Routine smallpox vaccination was discontinued in 1972, more than 20 years after the last smallpox case in the United States.
Before September 11th, I heard from many parents who felt that vaccines such as those for polio or diphtheria should be discontinued because these once-dreaded infections had not been a major problem for many years. These illnesses felt like part of the distant past. We felt safe.
But if these vaccines had been discontinued, perhaps diphtheria or paralytic polio would be in the headlines today: “Was the diphtheria nasal swab positive, or did the postal worker have cutaneous diphtheria?” Like anthrax, diphtheria is a gram-positive, toxin-producing bacillus that can be lethal. Unlike anthrax, diphtheria spreads easily from one person to another.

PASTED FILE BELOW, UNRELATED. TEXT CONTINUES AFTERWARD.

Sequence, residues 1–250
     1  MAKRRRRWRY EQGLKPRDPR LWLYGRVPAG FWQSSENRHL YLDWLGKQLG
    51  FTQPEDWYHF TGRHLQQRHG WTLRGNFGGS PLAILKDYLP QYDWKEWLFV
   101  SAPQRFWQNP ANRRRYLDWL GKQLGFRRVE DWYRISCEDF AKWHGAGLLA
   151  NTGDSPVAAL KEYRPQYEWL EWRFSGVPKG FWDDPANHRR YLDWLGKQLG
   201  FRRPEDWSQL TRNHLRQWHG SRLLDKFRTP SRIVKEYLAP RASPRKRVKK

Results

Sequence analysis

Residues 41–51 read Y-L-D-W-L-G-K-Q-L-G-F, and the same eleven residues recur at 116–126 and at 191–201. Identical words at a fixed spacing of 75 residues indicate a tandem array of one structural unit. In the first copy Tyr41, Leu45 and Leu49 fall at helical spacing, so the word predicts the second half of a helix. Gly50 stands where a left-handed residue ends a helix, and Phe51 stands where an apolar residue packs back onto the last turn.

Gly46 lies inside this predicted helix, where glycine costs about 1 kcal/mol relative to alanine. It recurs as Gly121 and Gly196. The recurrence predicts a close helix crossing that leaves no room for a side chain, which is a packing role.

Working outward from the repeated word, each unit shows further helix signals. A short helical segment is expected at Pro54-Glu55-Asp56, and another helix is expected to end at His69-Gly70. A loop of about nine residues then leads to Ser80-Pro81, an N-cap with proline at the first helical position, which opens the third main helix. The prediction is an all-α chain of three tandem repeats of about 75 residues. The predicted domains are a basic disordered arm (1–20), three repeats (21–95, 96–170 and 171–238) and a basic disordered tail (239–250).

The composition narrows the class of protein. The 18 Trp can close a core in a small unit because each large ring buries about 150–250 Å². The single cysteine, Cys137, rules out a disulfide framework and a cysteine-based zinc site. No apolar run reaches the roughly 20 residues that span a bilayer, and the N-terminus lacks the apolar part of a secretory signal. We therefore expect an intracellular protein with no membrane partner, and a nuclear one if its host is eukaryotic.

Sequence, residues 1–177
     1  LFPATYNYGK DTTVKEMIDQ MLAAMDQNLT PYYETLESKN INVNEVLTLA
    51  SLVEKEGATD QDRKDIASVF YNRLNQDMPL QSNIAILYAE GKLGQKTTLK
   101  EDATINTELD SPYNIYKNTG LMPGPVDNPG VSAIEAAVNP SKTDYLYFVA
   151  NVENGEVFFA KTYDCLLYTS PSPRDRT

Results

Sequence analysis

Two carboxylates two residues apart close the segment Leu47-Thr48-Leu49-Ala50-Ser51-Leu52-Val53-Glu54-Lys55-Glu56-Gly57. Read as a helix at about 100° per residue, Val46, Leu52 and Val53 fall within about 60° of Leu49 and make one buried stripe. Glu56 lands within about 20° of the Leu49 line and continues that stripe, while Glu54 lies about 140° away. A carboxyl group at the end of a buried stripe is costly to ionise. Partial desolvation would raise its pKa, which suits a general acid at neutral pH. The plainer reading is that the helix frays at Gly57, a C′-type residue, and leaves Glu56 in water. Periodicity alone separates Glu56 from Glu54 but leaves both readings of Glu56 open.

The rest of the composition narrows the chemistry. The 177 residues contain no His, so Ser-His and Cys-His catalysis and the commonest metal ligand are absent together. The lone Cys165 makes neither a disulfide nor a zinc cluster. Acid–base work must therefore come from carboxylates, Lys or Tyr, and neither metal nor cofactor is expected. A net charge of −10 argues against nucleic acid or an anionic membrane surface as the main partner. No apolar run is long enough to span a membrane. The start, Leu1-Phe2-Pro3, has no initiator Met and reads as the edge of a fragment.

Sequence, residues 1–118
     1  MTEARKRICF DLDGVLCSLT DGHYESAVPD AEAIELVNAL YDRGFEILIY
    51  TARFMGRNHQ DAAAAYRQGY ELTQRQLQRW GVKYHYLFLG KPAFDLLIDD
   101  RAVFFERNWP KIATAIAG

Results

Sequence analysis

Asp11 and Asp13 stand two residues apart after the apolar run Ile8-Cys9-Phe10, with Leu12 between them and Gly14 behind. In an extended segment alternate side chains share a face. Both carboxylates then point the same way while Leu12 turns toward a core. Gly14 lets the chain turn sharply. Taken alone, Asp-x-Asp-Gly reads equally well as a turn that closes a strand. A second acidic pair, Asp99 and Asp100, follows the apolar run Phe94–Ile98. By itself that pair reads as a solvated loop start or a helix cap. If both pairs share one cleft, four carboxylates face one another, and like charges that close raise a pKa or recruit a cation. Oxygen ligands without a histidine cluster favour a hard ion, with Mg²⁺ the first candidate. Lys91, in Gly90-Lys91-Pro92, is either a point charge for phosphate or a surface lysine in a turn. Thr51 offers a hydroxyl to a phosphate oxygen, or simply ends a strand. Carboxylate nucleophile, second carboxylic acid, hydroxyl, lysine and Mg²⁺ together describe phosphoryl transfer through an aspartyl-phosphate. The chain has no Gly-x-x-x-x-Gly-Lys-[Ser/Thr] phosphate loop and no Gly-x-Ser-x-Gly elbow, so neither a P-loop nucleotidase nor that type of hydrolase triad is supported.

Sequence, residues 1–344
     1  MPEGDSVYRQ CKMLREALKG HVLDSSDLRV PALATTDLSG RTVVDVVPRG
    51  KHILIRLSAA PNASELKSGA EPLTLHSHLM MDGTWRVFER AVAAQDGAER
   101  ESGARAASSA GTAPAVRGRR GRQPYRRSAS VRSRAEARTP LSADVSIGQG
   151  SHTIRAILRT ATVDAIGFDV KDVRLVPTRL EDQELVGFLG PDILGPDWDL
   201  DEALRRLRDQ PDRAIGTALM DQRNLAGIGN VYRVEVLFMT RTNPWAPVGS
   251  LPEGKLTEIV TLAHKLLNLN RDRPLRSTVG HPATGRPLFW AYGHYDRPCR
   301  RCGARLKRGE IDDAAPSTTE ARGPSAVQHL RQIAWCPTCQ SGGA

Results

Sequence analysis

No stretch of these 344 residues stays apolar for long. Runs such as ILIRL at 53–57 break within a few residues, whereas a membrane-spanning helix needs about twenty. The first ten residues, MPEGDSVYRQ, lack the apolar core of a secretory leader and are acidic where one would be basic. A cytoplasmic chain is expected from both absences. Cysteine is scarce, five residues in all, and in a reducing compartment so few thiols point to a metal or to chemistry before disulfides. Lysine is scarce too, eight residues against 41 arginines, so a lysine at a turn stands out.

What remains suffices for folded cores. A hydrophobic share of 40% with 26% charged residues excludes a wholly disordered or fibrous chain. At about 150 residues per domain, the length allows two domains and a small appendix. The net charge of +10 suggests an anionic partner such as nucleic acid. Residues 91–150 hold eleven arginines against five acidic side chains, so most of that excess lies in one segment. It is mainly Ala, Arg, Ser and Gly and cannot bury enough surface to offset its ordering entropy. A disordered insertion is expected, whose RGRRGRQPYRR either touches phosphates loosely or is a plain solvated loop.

Thankfully, most children are immune to diphtheria due to the ‘routine’ DTaP vaccination that children receive during their first year of life, and as part of their 4-5-year-old vaccines.
For practical reasons, we can’t immunize our children against smallpox or anthrax right now. Nevertheless, the standard childhood immunization schedule provides excellent protection against many of the biggest biological threats to our children.